One of the biggest advantages to incorporating Lightroom into your post processing routine is it’s fantastic organization and cataloging system. From the Import options to Collections and Maps, even if you never touch the develop or various output modules, it is reason enough in my opinion to install and learn Lightroom. All of my editing starts and ends in Lightroom, allowing me to easily organize what photos I have and have not edited, find those images either when I want to work on new edits, or need to locate an image to prepare for print or other distribution. The goal of this article is to help you achieve the same organization levels for your own catalogs so you spend more time creating and sharing your work rather than finding them on your computer.
With today’s high resolution camera sensors demanding more and more storage, getting a week’s worth of images from your memory cards to your computer as efficiently as possible matters. I use a Kingston high speed USB 3.0 card reader rather than plugging into the camera for transfer. With a much faster transfer speed than running a cable from the camera with no draw on the camera’s battery, meaning it’s ready to go when you need to run out the door on a moment’s notice shoot. I also make a point of not putting a card back into the camera until I have confirmed that the images have been transferred over, cutting the risk of deleting images that have yet to be transferred. A full write up of my back up strategies can be found here.
I import all of my photos via the Lightroom Import Module, and I have my Windows file system setup to detect RAW files and open the Lightroom Import dialog automatically if it is not already running. The left hand side of the dialog shows information about the source of the files being imported. With Lightroom already running, inserting a memory card into the reader is detected by the software and the Import dialog is automatically opened, with the newly detected SD card already selected as seen above. Note the two checkboxes that are selected: Eject after import – this will remove the ‘removable media’ from your Windows operating system for safe removal once the transfer is complete, and ‘Include Subfolders’ makes sure all images on the drive are pulled over.
The right hand side of the Import Module has all the information about the destination for the files being imported – and as you might guess the middle is consumed by showing thumbnails of the actual files being imported. From top to bottom:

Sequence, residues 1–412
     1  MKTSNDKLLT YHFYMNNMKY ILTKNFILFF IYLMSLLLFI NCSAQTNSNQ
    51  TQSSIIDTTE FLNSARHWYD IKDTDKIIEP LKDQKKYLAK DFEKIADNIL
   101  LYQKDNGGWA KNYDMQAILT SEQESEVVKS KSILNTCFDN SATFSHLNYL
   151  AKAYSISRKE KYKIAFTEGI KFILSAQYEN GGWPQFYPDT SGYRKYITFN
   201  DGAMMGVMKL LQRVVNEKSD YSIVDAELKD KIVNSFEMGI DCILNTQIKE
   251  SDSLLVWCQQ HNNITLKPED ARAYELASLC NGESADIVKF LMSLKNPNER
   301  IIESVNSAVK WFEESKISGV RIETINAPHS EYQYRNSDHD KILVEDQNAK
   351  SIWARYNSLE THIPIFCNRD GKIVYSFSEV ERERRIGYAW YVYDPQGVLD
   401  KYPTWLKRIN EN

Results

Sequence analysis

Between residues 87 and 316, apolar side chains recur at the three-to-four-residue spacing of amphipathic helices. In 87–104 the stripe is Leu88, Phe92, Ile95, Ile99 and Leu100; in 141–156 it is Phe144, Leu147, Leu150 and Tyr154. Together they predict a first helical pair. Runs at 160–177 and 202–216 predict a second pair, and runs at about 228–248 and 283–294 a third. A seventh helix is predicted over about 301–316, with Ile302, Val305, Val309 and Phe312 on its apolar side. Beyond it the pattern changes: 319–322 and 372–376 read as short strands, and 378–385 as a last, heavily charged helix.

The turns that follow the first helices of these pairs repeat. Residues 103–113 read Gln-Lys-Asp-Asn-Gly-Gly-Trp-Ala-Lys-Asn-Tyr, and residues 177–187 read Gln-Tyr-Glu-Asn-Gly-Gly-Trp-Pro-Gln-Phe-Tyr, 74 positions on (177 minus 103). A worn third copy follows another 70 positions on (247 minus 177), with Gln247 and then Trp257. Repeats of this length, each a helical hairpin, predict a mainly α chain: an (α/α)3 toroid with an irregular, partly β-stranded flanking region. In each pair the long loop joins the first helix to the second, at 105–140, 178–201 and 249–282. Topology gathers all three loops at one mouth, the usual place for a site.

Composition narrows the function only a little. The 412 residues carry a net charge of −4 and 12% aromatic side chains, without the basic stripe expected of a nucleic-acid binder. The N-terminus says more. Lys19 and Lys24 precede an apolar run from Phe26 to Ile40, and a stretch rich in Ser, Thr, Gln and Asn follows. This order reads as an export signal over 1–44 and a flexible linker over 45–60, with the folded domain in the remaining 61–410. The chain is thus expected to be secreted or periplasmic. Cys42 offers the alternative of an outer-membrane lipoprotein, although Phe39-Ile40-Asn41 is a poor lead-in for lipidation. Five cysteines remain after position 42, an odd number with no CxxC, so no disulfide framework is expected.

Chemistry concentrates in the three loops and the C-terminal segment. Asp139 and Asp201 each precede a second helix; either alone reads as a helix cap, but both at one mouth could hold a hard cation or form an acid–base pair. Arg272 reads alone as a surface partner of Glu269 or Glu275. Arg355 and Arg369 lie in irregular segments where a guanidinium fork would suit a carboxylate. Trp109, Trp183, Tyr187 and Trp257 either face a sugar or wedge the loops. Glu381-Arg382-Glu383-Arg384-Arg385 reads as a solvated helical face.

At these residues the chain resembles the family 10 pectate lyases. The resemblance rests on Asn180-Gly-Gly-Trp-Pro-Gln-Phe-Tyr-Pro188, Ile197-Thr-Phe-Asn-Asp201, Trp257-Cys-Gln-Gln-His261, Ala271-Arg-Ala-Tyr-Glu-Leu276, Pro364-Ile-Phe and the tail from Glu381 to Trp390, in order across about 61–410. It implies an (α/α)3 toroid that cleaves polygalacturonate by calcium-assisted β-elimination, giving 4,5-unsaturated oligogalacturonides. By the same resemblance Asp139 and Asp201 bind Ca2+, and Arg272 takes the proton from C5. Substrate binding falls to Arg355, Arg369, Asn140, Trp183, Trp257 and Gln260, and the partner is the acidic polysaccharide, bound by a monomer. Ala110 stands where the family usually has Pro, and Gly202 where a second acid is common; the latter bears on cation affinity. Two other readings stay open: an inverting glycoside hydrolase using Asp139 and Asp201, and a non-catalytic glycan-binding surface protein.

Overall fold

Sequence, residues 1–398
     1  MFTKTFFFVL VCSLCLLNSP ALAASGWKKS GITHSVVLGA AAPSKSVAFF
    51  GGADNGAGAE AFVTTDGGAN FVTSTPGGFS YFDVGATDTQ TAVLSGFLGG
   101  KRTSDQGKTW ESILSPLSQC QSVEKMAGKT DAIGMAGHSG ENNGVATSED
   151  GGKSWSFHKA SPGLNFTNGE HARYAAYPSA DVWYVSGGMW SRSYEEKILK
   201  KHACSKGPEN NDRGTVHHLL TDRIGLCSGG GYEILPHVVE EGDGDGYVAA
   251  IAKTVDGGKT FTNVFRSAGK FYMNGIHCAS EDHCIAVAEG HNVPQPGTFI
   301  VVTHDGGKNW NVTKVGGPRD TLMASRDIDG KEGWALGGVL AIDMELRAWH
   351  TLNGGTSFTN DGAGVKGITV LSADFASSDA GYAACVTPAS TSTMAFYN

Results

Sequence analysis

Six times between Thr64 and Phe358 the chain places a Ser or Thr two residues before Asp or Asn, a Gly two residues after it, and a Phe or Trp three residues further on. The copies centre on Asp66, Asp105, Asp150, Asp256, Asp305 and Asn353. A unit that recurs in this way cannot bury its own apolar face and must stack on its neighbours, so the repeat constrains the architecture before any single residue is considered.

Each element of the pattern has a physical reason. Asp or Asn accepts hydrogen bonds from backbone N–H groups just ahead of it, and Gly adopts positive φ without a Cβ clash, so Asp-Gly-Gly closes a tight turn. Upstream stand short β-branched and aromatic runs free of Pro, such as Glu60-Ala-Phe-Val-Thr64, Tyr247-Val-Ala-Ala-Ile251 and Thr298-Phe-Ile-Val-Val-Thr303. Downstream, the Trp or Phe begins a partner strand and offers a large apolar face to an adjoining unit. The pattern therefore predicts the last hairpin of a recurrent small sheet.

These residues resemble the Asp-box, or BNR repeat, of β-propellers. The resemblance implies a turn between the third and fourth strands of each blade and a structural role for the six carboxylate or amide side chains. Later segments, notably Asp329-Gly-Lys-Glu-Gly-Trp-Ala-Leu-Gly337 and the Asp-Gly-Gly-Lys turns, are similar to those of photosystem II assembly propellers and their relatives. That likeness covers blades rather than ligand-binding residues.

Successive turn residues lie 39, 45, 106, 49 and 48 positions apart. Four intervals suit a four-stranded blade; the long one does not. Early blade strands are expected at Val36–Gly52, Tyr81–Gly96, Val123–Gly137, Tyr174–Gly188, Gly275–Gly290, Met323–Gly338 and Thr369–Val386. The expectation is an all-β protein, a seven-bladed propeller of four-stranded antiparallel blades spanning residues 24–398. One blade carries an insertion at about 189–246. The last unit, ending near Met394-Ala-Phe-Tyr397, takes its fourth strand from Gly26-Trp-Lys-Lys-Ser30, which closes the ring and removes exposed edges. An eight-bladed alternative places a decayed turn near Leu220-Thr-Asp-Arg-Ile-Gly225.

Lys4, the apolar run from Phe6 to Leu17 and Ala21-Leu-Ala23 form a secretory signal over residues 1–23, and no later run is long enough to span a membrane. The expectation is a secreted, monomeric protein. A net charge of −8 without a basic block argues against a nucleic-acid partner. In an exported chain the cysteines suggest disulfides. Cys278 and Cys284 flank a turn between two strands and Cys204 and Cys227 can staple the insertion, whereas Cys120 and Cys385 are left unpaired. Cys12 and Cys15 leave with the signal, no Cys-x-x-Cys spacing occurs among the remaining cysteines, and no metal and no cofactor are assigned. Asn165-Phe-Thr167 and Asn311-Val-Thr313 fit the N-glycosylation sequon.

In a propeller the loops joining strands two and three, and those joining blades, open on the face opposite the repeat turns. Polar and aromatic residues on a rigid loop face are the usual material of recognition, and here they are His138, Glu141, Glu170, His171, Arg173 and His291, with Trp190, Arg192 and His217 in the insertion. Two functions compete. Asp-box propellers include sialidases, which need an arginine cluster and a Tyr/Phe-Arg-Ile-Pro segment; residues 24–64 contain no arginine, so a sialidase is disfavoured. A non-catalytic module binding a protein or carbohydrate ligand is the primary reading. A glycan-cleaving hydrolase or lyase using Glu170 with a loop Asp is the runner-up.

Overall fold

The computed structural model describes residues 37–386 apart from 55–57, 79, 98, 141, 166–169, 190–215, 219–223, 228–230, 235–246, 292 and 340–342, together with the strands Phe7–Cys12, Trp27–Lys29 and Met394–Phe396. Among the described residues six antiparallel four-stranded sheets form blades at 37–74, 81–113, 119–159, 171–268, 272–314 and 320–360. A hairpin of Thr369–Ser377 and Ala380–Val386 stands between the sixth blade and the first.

Build Previews – I select this depending on how quickly I plan to be editing images from the batch, minimal is fastest, but slows down going through the images in the Library and Develop Module, 1:1 is the slowest to compete and can bog the system down for a bit until completed, but makes going through images at high resolution very fast after it is completed. Don’t Import Suspected Duplicates is always checked for me since I make sure that my various cameras have different naming conventions and might not clear the card after every single import run.
Under ‘Apply During Import’: I created and apply a base level develop preset that makes sure that Remove Chromatic Aberration is checked and that the Detail Sharpening settings are configured to where I want them (or select another one of my import presets based on the needs, I’ve created several for myself). Second option is a Metadata preset which I highly recommend setting up with your basic Copyright and contact information. Ensuring the Import module sets this preset automatically cuts time and ensures all your photos have this important information attached to their EXIF information. To setup a Metadata Preset – select ‘Edit Metadata Preset’ from the Metadata Menu when on the Library Module.
The import step is also a great time to add tags and other information that is common across the entire import set. Remember though, if you are importing multiple days’ worth of photos from multiple shoots, only add tags common across everything. You can bulk add tags to each folder, group of photos, etc., after the import.
I edit on a custom Windows desktop computer and have my images segregated into different drives based on their status. If you have a laptop or single-drive computer, you can do the same by just creating different folders rather than entirely different drives. For me, I have a folder in my ‘Import’ drive simply called ‘ImportTmp’ that contains all ‘incoming’ images. Under this is a directory level for the year just so I can collapse groups of folders into clearer sets and I can see how many images from two years ago that I’ve yet to edit. Under the year folder selected, the Import module is set to put each day’s photos into a separate folder in an YYYY-MM-DD format keeping the oldest working folders at the top of the working directory. For major trips or specific shoots I’ll use the Lightroom import ‘sub-directory’ option to further organize the working photos, so I might have something that looks like: ImportTmp/2020/DVNP/2020-02-28 , etc.
Stars and Rejects